Under some circumstances, an employer may be held liable under Title VII of the Civil Rights Act of 1964 if its supervisor sexually or racially harasses an employee. In Vance v. Ball State University, issued on June 24, 2013, the US Supreme Court decided that a worker who lacks the power to hire and fire cannot qualify as a supervisor under Title VII.

Maetta Vance, an African-American employee of Ball State University, asserted that white employee Saundra Davis created a racially hostile work environment in violation of Title VII. Vance claimed that Davis was her supervisor and that the University was liable for Davis’s alleged behavior.

The Supreme Court ruled for the University. The Court found that Davis was not a supervisor under Title VII, because she lacked the authority to hire, fire, demote, promote, transfer or discipline. The University was not legally responsible for Davis’s conduct and was not negligent in responding to Vance’s complaints.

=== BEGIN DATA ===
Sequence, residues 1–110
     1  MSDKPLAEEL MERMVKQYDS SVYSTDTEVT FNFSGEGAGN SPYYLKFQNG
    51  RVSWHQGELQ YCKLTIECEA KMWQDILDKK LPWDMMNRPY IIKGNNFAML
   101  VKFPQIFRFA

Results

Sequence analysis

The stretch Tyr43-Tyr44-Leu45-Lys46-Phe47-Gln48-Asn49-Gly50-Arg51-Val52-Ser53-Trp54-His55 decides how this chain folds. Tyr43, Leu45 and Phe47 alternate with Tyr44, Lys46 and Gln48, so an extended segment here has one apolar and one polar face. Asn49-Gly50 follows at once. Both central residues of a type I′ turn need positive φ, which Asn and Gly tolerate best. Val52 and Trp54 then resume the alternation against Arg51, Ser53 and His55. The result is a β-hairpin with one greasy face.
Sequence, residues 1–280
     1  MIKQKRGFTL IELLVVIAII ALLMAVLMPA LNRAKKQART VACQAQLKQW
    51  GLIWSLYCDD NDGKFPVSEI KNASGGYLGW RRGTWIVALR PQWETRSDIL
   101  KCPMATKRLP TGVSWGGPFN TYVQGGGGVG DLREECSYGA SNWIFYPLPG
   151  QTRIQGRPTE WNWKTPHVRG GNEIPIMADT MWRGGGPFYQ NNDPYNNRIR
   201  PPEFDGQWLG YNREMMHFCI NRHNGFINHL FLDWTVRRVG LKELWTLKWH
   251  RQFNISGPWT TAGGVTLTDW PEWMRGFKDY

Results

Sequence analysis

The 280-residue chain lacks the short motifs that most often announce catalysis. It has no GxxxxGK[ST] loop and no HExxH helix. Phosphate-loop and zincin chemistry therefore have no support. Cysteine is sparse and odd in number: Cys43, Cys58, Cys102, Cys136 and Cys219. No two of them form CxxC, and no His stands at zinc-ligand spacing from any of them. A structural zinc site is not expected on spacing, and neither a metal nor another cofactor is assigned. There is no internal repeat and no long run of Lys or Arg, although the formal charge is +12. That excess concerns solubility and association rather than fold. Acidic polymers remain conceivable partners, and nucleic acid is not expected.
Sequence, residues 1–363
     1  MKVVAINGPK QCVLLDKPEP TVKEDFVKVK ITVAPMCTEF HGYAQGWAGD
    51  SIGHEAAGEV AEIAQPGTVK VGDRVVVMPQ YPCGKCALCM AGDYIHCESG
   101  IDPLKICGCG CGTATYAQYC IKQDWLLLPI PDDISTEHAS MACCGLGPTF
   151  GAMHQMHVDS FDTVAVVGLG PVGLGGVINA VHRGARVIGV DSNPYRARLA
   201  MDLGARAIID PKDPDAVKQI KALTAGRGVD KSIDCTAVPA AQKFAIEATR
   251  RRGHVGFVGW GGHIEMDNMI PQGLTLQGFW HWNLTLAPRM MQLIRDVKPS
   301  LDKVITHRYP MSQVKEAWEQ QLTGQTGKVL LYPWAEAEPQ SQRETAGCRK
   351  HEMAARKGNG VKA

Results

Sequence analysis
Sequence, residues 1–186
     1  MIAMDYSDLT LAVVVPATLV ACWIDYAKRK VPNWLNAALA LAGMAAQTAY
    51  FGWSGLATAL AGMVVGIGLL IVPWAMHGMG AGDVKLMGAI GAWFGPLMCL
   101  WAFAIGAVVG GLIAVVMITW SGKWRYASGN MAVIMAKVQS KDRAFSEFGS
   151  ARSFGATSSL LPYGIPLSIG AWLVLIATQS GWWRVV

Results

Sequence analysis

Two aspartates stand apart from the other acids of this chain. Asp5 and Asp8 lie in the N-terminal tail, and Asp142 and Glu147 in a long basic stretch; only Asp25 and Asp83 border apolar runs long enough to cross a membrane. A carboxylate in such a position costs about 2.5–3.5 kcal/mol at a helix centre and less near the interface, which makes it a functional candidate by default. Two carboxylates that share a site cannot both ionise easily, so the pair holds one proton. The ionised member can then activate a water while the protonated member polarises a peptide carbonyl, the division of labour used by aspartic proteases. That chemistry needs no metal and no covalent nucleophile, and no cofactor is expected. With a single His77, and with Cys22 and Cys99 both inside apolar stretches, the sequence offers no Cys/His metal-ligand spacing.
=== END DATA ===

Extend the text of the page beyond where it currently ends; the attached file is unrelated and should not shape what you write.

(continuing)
While the Vance decision will prevent some Title VII claims based on coworker or team lead conduct, employers should be cautious. Genuine supervisors under the Vance decision still may create liability for their employers under Title VII. Moreover, under a variety of other federal and state laws, employers may be held liable for the conduct of team leads and other employees who have some enhanced authority or responsibility.